Cristina Calderón, the last speaker of the Yagán people, dies at the age of 93: “It will remain a symbol of cultural resistance forever”

The deputy vice president of the Constitutional Convention and representative of the Yagán people, Lidia González Calderon, announced via Twitter, the death of her mother at age 93, Cristina Calderón, the last speaker of the Yagán people and symbol of cultural resistance for her community. Her daughter fired her, saying that “everything I do at the job I’m at, will be on your behalf. And in him, your people will also be reflected.”
“I have a deep sorrow for not being with her when she leaves. It’s sad news for the Yagans,” she said in her tweet.
Before the announcement, several of his peers in the constituent body, sent their condolences to Lidia González through the same medium, lamenting the loss of the last Yagan who lived very closely the customs of his people, in the Villa Ukika of Puerto Williams.
The conventional Jorge Baradit, sent all his affection to González and his family. “Today Elisa said goodbye to her with some beautiful words in Mapudungun in our commission and we made a very meaningful minute of silence,” he said in his retweet.
In the same way, the constituent elected by the Mapuche people, Rosa Catrileo, joined, commenting that “today is also a sad day for those of us who are part of the indigenous peoples, your mother will continue to be a symbol of cultural resistance forever.”
For her part, Beatriz Sánchez sent her condolences: “Dear Lidia, a huge hug for you. And it is true what you say, in your work for a plurinational, intercultural and plurilingual state; you keep working alongside your mom’s memory. So much love for you and your whole family”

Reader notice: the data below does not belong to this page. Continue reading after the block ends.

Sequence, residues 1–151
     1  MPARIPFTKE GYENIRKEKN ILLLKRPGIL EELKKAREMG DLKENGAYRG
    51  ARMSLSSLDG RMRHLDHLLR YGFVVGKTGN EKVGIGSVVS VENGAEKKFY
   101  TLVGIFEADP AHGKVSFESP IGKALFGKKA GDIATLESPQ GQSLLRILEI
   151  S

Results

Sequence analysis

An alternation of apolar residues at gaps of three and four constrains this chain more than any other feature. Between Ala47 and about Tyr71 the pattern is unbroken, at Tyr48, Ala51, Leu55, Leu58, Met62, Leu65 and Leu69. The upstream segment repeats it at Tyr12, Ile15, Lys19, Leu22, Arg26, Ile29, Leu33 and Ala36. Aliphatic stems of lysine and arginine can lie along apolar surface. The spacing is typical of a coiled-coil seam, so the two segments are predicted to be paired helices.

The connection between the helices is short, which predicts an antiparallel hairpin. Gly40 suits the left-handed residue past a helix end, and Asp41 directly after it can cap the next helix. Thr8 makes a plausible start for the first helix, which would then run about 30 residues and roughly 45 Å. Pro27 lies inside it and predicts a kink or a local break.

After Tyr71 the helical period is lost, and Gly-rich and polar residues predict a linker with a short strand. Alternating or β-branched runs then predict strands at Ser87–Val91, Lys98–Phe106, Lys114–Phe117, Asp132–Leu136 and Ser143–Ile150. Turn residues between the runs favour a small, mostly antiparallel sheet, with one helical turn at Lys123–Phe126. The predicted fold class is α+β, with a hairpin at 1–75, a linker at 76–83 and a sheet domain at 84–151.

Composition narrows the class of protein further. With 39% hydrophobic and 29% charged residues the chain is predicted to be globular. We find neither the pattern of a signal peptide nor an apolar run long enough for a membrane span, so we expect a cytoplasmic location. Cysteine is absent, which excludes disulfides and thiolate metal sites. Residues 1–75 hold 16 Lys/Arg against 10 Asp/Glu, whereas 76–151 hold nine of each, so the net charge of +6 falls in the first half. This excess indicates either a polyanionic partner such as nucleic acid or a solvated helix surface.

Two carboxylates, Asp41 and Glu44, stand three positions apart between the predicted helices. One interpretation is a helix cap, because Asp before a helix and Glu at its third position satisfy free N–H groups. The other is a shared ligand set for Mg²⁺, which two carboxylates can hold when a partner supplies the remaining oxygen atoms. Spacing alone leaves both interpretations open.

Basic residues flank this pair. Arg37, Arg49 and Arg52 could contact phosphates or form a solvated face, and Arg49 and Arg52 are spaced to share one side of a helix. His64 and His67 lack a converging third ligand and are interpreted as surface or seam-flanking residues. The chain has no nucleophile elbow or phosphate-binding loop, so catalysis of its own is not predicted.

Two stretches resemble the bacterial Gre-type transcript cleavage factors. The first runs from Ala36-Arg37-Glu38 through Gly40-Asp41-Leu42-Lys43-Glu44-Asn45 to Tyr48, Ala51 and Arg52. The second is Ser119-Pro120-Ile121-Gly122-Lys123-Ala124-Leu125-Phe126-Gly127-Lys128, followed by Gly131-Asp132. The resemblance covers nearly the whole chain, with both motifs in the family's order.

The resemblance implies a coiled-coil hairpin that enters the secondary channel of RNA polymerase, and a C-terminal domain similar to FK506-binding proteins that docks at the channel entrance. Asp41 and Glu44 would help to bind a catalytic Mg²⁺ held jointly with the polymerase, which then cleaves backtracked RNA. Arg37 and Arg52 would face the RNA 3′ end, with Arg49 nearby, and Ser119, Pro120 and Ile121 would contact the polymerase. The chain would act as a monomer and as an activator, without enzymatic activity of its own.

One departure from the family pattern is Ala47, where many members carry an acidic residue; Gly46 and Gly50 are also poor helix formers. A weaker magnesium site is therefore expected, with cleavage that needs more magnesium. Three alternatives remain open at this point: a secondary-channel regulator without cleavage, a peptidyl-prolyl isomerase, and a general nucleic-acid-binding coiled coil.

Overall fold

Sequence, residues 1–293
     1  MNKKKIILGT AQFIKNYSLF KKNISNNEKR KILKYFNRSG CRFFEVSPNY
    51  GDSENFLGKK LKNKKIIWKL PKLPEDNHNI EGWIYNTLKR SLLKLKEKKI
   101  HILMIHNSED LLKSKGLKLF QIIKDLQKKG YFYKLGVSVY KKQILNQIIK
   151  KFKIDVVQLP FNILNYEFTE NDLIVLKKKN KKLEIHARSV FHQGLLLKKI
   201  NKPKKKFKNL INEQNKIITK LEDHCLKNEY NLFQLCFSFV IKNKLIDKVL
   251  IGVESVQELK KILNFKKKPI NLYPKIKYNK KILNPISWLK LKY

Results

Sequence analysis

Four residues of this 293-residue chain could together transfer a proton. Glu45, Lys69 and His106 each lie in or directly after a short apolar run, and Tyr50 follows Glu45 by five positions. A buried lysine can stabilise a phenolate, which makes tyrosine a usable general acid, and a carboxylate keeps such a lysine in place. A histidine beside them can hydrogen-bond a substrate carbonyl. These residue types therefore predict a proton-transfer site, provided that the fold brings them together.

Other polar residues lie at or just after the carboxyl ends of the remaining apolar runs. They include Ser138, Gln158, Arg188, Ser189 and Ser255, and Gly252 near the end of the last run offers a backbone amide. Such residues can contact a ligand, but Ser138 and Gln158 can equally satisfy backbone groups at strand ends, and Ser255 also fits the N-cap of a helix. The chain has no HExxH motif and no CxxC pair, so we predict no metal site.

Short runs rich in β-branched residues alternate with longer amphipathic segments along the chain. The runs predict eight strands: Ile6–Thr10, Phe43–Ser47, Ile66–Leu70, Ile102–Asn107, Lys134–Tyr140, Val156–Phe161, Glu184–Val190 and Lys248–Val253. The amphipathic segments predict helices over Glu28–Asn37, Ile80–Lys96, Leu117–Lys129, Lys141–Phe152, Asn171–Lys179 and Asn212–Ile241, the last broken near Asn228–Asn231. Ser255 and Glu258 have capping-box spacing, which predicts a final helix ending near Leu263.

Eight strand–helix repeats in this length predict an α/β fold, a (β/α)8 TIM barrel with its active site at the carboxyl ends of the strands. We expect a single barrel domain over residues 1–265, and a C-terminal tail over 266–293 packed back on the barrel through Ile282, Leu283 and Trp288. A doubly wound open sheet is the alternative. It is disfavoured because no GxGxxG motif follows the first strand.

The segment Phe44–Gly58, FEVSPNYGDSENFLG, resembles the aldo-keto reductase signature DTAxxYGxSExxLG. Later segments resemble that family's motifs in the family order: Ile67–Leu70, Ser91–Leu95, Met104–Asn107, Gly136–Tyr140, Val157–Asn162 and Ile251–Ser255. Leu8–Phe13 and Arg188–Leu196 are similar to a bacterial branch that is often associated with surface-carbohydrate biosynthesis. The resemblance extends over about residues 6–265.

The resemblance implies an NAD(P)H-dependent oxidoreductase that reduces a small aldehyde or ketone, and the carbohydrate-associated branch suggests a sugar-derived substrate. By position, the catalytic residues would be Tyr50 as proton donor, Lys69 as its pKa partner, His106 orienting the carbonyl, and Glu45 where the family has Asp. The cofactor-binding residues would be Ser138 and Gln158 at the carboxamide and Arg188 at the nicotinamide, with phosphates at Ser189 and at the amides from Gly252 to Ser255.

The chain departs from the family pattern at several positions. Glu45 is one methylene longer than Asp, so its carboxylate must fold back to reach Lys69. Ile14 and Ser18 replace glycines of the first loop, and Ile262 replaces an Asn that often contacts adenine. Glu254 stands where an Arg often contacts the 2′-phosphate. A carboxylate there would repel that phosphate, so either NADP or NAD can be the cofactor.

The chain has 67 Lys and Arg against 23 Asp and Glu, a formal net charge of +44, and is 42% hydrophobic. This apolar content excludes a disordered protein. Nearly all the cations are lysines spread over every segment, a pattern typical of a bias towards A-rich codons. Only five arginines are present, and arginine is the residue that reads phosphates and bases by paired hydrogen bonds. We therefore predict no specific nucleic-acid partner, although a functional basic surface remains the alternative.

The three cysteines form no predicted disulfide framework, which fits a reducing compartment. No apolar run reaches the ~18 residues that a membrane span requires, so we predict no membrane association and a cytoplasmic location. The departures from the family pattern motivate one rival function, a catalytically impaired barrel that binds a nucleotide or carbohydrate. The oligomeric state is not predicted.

Calderón until her last years was determined to preserve and transmit everything related to the Yagan culture. Thus, together with his granddaughter, Cristina Zárraga, he created a dictionary from yámana to Spanish, accompanied by playful images of animals and a CD where you can hear the repetition of words in this native language such as wind, dog or soul. In addition, together they edited a book of legends and original stories called Hai Kur Mamašu Shis (I want to tell you a story).
In 2009 it was declared a “Living Human Treasure”, being the bearer and disseminator of the languages and traditions of the Yagan people, whose recognition was given by the National Council of Culture and Arts of Chile, within the framework of the Convention for the Safeguarding of the Intangible Heritage, of UNESCO of 2003.
Transmitting the same values to his nine children and fourteen grandchildren, he worked with his family for the conservation of his people and his life will remain in the cultural memory of the country thanks to “Cristina Calderón, Memorias de mi abuela Yagán”, written and researched by his granddaughter Cristina Zárraga in 2017.

Original source in Spanish

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